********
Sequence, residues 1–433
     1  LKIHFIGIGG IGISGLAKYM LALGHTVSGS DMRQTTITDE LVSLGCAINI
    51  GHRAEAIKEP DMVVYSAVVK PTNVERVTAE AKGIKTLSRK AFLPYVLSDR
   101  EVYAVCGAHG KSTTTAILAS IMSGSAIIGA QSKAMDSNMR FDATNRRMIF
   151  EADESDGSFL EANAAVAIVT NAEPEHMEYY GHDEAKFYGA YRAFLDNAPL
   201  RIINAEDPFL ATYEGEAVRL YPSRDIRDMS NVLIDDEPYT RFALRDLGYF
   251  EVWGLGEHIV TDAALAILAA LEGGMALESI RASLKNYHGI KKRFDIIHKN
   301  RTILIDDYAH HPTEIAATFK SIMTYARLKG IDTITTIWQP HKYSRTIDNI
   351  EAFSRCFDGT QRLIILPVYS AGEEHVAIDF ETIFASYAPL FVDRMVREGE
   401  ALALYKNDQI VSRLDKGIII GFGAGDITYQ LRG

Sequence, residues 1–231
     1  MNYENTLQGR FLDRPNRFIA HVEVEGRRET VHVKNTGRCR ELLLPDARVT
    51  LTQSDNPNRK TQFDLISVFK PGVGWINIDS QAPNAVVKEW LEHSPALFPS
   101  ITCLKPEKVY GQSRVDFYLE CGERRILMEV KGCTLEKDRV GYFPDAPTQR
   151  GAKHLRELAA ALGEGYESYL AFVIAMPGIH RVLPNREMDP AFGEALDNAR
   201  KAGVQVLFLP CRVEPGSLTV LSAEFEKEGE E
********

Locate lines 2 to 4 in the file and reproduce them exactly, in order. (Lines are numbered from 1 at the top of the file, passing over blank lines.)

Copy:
     1  LKIHFIGIGG IGISGLAKYM LALGHTVSGS DMRQTTITDE LVSLGCAINI
    51  GHRAEAIKEP DMVVYSAVVK PTNVERVTAE AKGIKTLSRK AFLPYVLSDR
   101  EVYAVCGAHG KSTTTAILAS IMSGSAIIGA QSKAMDSNMR FDATNRRMIF